Listing files in cookbook/files/default/


#1

Is there a better way to dynamically list the contents of the
/files/default/ directory from a recipe at runtime than
inspecting that path in /var/chef/cache/cookbooks ?

My concern is that the Chef sometimes removes files from the cache
that are in the cookbook but it doesn’t consider currently needed.
Thank you in advance.

-J


#2

Hey,

On 09/25/2011 03:06 AM, Jason J. W. Williams wrote:

Is there a better way to dynamically list the contents of the
/files/default/ directory from a recipe at runtime than
inspecting that path in /var/chef/cache/cookbooks ?

My concern is that the Chef sometimes removes files from the cache
that are in the cookbook but it doesn’t consider currently needed.
Thank you in advance.

I can’t say anything about a better way than listing. But I can’t agree
that it doesn’t cconsider if file is needed. Unless you remove a file
resource that uses /files/default/* the file will persist in the node cache.
Maybe you could think of defining a file resource with action :nothing
that obviously can help to solve the problem.

Denis

-J


#3

Hello,

On Sep 24, 2011, at 17:06, “Jason J. W. Williams” jasonjwwilliams@gmail.com
wrote:

Is there a better way to dynamically list the contents of the
/files/default/ directory from a recipe at runtime than
inspecting that path in /var/chef/cache/cookbooks ?

My concern is that the Chef sometimes removes files from the cache
that are in the cookbook but it doesn’t consider currently needed.

Chef only downloads cookbook_file and template assets if it needs to render
the target file. Otherwise they are cleaned up at the end of the chef run.


#4

Is there a way to iterate the files list through the API? Do templates follow the same rule?

-J

Sent via iPhone

Is your email Premiere?

On Sep 25, 2011, at 13:44, Joshua Timberman joshua@opscode.com wrote:

Hello,

On Sep 24, 2011, at 17:06, “Jason J. W. Williams” jasonjwwilliams@gmail.com wrote:

Is there a better way to dynamically list the contents of the
/files/default/ directory from a recipe at runtime than
inspecting that path in /var/chef/cache/cookbooks ?

My concern is that the Chef sometimes removes files from the cache
that are in the cookbook but it doesn’t consider currently needed.

Chef only downloads cookbook_file and template assets if it needs to render the target file. Otherwise they are cleaned up at the end of the chef run.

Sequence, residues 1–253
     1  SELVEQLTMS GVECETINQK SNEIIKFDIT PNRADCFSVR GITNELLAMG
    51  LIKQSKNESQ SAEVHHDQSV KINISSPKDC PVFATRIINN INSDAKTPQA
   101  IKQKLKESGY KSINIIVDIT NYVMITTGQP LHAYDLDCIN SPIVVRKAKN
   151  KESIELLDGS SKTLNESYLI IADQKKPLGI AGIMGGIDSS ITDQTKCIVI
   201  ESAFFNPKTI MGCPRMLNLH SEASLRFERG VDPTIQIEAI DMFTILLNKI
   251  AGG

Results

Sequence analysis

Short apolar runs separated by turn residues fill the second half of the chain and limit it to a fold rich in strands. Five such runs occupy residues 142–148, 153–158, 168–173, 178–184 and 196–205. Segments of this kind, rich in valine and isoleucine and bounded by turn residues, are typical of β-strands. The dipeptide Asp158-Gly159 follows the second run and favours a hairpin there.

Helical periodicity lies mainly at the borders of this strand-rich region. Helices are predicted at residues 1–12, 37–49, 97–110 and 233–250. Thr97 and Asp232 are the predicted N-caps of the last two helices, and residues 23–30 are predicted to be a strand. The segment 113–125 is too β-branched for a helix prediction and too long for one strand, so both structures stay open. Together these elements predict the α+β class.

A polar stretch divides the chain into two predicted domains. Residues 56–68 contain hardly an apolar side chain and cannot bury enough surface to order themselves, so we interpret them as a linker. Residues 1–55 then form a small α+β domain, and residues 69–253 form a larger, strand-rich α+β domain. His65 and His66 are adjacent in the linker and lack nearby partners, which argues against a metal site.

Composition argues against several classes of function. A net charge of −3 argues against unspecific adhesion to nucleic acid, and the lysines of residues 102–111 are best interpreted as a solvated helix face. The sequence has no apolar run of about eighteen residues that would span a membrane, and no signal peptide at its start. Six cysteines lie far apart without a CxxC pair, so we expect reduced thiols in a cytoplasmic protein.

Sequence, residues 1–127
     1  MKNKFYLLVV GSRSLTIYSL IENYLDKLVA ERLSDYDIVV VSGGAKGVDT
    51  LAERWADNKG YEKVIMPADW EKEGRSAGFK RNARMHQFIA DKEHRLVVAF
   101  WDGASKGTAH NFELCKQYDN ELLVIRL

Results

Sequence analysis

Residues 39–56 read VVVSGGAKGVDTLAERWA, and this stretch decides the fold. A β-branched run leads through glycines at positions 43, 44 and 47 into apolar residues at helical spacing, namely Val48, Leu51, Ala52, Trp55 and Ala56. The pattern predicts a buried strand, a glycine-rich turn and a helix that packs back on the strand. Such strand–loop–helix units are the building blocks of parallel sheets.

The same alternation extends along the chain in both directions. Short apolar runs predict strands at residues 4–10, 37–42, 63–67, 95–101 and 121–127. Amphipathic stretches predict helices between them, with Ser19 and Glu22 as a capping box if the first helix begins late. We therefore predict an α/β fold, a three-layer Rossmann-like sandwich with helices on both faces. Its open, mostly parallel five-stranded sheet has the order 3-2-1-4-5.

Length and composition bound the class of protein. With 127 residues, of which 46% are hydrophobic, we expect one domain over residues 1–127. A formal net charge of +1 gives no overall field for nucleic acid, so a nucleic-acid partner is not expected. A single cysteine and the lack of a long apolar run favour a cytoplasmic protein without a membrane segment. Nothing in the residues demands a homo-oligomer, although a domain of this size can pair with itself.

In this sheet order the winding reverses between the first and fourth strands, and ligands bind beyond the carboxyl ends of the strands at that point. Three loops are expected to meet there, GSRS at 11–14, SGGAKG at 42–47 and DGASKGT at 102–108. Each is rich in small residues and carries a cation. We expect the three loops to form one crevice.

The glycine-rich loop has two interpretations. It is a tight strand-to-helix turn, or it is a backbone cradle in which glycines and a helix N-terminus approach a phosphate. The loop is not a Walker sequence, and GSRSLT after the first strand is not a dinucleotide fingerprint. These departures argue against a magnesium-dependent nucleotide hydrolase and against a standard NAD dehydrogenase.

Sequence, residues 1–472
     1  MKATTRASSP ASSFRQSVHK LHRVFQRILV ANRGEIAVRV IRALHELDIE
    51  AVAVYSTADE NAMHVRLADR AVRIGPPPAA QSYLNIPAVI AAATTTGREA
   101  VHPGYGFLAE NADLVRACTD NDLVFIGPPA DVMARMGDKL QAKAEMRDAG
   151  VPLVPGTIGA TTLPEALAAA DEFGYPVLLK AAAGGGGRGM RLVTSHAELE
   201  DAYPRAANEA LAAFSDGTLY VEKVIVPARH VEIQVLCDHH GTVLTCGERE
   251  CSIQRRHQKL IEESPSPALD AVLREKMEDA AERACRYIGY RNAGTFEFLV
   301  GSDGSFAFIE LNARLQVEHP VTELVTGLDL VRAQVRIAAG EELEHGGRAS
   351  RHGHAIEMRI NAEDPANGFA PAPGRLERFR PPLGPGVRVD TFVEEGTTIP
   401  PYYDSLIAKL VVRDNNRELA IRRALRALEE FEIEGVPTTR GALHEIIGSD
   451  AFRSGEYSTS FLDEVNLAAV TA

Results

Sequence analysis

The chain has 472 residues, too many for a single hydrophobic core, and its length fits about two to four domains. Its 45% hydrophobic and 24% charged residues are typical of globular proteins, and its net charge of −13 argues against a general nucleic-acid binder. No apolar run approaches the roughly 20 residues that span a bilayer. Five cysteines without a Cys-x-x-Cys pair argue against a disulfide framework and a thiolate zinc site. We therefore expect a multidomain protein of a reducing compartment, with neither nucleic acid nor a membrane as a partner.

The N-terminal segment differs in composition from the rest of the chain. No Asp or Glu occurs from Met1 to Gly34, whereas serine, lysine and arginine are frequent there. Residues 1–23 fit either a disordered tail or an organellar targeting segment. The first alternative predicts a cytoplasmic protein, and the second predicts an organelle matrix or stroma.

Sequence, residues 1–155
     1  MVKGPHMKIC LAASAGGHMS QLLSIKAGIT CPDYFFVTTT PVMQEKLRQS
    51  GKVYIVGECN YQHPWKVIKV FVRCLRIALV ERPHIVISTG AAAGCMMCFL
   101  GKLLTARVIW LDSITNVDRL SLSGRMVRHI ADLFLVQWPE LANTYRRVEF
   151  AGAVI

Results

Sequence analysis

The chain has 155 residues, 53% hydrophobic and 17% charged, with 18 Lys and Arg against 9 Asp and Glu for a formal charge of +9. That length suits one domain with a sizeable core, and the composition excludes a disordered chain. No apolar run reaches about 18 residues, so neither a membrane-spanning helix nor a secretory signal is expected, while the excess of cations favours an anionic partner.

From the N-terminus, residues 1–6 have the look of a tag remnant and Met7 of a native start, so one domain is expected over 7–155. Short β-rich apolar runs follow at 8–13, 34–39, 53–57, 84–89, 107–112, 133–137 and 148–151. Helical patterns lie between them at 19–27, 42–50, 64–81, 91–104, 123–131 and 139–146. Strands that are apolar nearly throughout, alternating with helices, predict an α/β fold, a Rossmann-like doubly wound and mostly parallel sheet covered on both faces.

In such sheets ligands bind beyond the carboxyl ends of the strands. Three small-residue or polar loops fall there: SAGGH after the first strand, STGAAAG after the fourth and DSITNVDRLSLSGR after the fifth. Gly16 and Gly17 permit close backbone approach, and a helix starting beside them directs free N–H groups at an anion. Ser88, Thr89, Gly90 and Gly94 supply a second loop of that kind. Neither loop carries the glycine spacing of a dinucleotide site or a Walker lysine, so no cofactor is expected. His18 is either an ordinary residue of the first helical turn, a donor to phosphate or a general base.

#5

When do templates get cached? When the cookbook is loaded or when the
template is first called?

-J

On Sun, Sep 25, 2011 at 1:44 PM, Joshua Timberman joshua@opscode.com wrote:

Hello,

On Sep 24, 2011, at 17:06, "Jason J. W. Williams"
jasonjwwilliams@gmail.com wrote:

Is there a better way to dynamically list the contents of the
/files/default/ directory from a recipe at runtime than
inspecting that path in /var/chef/cache/cookbooks ?

My concern is that the Chef sometimes removes files from the cache
that are in the cookbook but it doesn’t consider currently needed.

Chef only downloads cookbook_file and template assets if it needs to render
the target file. Otherwise they are cleaned up at the end of the chef run.


#6

When the template is called.

Adam

On Tue, Sep 27, 2011 at 1:59 PM, Jason J. W. Williams
jasonjwwilliams@gmail.com wrote:

When do templates get cached? When the cookbook is loaded or when the
template is first called?

-J

On Sun, Sep 25, 2011 at 1:44 PM, Joshua Timberman joshua@opscode.com wrote:

Hello,

On Sep 24, 2011, at 17:06, "Jason J. W. Williams"
jasonjwwilliams@gmail.com wrote:

Is there a better way to dynamically list the contents of the
/files/default/ directory from a recipe at runtime than
inspecting that path in /var/chef/cache/cookbooks ?

My concern is that the Chef sometimes removes files from the cache
that are in the cookbook but it doesn’t consider currently needed.

Chef only downloads cookbook_file and template assets if it needs to render
the target file. Otherwise they are cleaned up at the end of the chef run.


Opscode, Inc.
Adam Jacob, Chief Product Officer
T: (206) 619-7151 E: adam@opscode.com


#7

Thanks Adam. I’m trying to avoid hardcoding a list of templates into
my recipe, and instead introspect a sub-directory off templates/ to
auto-discover new files. Tried this with cookbook files instead of
templates, but those get cleaned out of the cache. Is there any
reliable way to introspect the authoritative contents of a templates/
subdirectory?

-J

On Tue, Sep 27, 2011 at 4:08 PM, Adam Jacob adam@opscode.com wrote:

When the template is called.

Adam

On Tue, Sep 27, 2011 at 1:59 PM, Jason J. W. Williams
jasonjwwilliams@gmail.com wrote:

When do templates get cached? When the cookbook is loaded or when the
template is first called?